# Cartesian product of a family of sets

I have a question about the Cartesian product of a family of sets.

Let $$X$$ be a set and let $$(S_{i})_{i \in I}$$ be a family of sets indexed by an arbitrary index set $$I$$ such that $$\forall i \in I, S_{i} \in \mathcal{P}(X)$$.

The Cartesian product of $$(S_{i})_{i \in I}$$ is the set : $$\prod_{i \in I} S_{i} = \{f \in \mathcal{F}(I, X) \ | \ [f : I \rightarrow \bigcup_{i \in I} S_{i}] \ \wedge \ [\forall i \in I, \ f(i) \in S_{i}]\} \text{.}$$

First, are we agree that, if we take an arbitrary set $$S \in \mathcal{P}(X)$$, we have : $$\prod_{i \in I} S = \{f \in \mathcal{F}(I, X) \ | \ [f : I \rightarrow \bigcup_{i \in I} S] \ \wedge \ [\forall i \in I, \ f(i) \in S]\}$$ $$= \{f \in \mathcal{F}(I, X) \ | \ [f : I \rightarrow S] \ \wedge \ [\forall i \in I, \ f(i) \in S]\} = \mathcal{F}(I, S) \ \text{?}$$

If it's okay, my problem is the following. We have : $$\mathbb{R}^{3} = \mathbb{R} \times \mathbb{R} \times \mathbb{R} = \{(x, y, z) \ | \ [x \in \mathbb{R}] \ \wedge \ [y \in \mathbb{R}] \ \wedge \ [z \in \mathbb{R}]\}$$ and, if we take $$I \subset \mathbb{N}$$ such that $$|I| = 3$$ : $$\mathbb{R}^{3} = \prod_{i \in I} \mathbb{R} = \mathcal{F}(I, \mathbb{R}) \ \text{,}$$ but I cannot see clearly why do we have the equality between these sets. I don't see why the set of $$3$$-uples of elements of $$\mathbb{R}$$ is equal to the set of mappings from $$I$$ (with $$|I| = 3$$) to $$\mathbb{R}$$.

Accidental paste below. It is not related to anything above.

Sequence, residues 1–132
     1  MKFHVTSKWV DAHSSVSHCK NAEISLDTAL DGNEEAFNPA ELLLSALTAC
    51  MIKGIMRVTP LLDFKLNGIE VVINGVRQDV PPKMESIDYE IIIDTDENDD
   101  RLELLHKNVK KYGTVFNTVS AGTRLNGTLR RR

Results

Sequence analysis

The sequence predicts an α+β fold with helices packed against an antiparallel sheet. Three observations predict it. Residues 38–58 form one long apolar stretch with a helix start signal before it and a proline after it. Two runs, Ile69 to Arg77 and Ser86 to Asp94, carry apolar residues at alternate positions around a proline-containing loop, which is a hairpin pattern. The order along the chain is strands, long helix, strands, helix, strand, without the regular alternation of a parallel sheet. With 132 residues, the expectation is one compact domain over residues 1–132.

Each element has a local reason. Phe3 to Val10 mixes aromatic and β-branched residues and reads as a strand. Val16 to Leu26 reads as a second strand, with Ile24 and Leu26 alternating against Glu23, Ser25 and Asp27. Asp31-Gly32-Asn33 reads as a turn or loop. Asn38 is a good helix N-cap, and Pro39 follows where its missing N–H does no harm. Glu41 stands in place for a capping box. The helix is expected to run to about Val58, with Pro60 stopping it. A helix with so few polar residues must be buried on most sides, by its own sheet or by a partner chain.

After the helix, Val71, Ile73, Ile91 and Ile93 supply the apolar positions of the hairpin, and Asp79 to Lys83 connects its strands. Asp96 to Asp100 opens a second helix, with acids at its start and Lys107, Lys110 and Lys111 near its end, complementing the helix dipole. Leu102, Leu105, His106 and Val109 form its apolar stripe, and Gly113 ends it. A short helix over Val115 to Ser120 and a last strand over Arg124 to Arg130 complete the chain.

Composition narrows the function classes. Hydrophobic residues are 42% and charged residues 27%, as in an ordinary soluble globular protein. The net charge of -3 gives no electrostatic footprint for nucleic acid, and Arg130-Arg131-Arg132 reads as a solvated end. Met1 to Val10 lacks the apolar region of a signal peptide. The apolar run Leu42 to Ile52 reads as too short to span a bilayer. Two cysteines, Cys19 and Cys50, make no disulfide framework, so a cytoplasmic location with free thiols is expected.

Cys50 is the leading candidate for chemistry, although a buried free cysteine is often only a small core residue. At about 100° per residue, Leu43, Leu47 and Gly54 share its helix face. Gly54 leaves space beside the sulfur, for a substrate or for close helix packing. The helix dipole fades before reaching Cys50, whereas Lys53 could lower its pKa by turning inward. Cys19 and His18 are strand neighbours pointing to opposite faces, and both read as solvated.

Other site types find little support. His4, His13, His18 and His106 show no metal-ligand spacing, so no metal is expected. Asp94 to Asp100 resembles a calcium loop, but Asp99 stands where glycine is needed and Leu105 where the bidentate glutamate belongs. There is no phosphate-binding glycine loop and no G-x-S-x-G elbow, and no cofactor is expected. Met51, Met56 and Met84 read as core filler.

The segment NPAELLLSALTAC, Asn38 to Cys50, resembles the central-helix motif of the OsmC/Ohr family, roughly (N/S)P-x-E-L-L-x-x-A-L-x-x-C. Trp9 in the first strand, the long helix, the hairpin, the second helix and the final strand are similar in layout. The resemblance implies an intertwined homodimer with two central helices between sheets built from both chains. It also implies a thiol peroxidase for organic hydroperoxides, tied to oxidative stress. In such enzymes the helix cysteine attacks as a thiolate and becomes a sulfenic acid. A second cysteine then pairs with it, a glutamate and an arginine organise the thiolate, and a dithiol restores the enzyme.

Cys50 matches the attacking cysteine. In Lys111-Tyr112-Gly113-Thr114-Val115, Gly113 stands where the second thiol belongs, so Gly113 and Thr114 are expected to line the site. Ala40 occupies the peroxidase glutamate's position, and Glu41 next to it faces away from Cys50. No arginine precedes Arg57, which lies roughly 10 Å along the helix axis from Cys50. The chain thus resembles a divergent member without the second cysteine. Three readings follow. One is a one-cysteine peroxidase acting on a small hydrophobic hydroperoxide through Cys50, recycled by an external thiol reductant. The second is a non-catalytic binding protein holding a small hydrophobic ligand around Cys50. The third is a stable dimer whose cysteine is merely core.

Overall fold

• They're not equal; there's just a bijection between them for finite products. – Malice Vidrine Nov 3 '18 at 16:45
• Thank your for your answer. In my example, if $I = \{0, 1, 2\}$, can you give me a bijection between $\mathcal{F}(I, \mathbb{R})$ and $\mathbb{R}^{3}$ ? – deeppinkwater Nov 3 '18 at 16:59

You're right, and by the way $$\mathcal{F}(I,X)$$ is denoted by $$X^I$$ (you see that $$\mathcal F(I,X)=\prod_{i\in I}X$$ so you can "see" it as "$$X$$ times itself $$I$$ times).

Let us do the case $$|I|=2$$ it's simpler. As you said, formally speaking, $$\mathbb{R}\times\mathbb{R}\neq\mathbb{R}^2$$. Indeed, in set theory, $$2$$ is typically taken as $$2=\{0,1\}$$, where $$0=\emptyset$$ and $$1=\{0\}$$. So $$\mathbb{R}^2=\mathcal{F}(2,\mathbb R)$$. An element $$f$$ of $$\mathbb R^2$$ is a function from $$2$$ to $$\mathbb{R}$$. Let $$x,y\in\mathbb R$$ such that $$f(0)=x$$ and $$f(1)=y$$. Then, formally speaking, $$f=\{(0,x),(1,y)\}$$. Hence $$\mathbb{R}^2=\{\{(0,x),(1,y)\}\mid x,y\in\mathbb R\}$$.

On the other hand, $$\mathbb{R}\times \mathbb R=\{(x,y)\mid x,y\in\mathbb R\}$$. You see that $$\mathbb R^2$$ and $$\mathbb R\times\mathbb R$$ are different.

So, why do we take $$\mathbb R^2=\mathbb R\times\mathbb R$$? For two reasons:

1. You can see it as a mere notational convinience, not to be confused with the $$X^I$$ for sets. See it like when you take powers of numbers.

2. There's a nice bijection between the two sets: \begin{align} \psi:\mathbb R\times\mathbb R&\to \mathbb R^2\\ (x,y)&\mapsto\{(0,x),(1,y)\} \end{align}

3. The bijection above tells you that you can "see" $$(x,y)$$ as a function that maps $$0$$ to the first entry of $$(x,y)$$, and $$1$$ to the second entry of $$(x,y)$$. You may find mapping $$0$$ to first and $$1$$ to second is weird, but that's common use in computer science, and typically $$\mathbb N=\omega=\{0,1,2,\dots\}$$, so "counting starts from $$0$$".

• Thank you for your help ! – deeppinkwater Nov 3 '18 at 18:38
• @deeppinkwater It's a pleasure :) – Scientifica Nov 3 '18 at 18:38

They're not equal, but there is a bijection between them in the finite case.

If $$I=\{1,2,3\}$$ and we're taking the product of $$\mathbb{R}$$, the easy bijection is the function $$\mathcal{F}(I,\mathbb{R})\to \mathbb{R}^3$$ that takes $$f$$ to $$(f(1),f(2),f(3))$$. For the inverse, take $$(a,b,c)\in\mathbb{R}^3$$ to the function $$\{(1,a),(2,b),(3,c)\}$$.

• Thank you for your answer ! – deeppinkwater Nov 3 '18 at 18:39